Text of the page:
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For many of us, becoming ill with a viral infection might make us lethargic for a week or two, but we make a swift recovery. However, this is not everyone’s experience. We are seeing more and more individuals, particularly in light of the current pandemic, experiencing a chronic state of fatigue (classified as fatigue lasting more than six weeks) following infection,1 which prolongs their recovery by weeks and even months to years in some cases and goes on to affect every aspect of their daily life.
Post-viral fatigue is a well recognised post-viral symptom as seen with infections such as the Epstein-Barr and severe acute respiratory syndrome (SARS) virus,2 so it’s not surprising we are seeing a surge in cases.3 Common symptoms include: debilitating fatigue, brain fog, muscle aches, and palpitations.4 So what is driving these ongoing symptoms?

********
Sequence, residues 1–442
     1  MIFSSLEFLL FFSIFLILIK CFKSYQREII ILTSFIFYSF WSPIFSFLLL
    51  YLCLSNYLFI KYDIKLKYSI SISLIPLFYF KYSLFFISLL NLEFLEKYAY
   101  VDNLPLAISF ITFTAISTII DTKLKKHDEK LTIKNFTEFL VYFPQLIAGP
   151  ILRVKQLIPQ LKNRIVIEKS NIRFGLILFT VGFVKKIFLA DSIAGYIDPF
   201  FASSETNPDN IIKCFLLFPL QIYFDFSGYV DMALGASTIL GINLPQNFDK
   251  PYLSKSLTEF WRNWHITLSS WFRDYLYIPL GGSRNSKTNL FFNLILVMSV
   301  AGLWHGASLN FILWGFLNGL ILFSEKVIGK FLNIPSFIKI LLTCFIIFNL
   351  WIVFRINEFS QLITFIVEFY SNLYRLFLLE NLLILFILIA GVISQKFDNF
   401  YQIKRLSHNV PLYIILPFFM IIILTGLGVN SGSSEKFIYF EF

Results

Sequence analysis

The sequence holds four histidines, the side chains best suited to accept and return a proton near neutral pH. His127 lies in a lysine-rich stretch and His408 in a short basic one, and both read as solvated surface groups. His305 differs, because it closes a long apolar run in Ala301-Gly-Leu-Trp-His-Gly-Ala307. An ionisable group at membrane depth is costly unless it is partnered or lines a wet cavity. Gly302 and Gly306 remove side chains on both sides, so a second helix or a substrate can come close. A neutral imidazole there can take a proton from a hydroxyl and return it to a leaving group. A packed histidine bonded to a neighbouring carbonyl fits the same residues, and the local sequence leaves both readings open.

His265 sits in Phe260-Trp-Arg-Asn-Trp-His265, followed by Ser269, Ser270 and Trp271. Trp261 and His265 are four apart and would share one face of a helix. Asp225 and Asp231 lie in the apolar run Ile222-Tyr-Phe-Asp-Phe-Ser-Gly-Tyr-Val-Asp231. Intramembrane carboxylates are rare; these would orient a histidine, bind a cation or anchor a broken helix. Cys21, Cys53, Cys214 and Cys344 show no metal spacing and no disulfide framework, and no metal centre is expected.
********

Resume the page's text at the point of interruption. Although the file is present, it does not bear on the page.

“It’s mitochondria, not hypochondria.” Dr. Sarah Myhill
The body requires a huge amount of energy to fight an infection.5 This is due to various processes the body carries out, in particular, inflammation. It does so by releasing molecules called cytokines and interleukins which drive an inflammatory response.6 This process requires a lot of energy, also known as ATP (adenosine tri-phosphate), which is produced by our mitochondria - organelles within our cells which are responsible for making energy. Fighting off an infection puts a high demand on this ATP and in some cases, to a point of depletion which contributes to the development of extreme fatigue.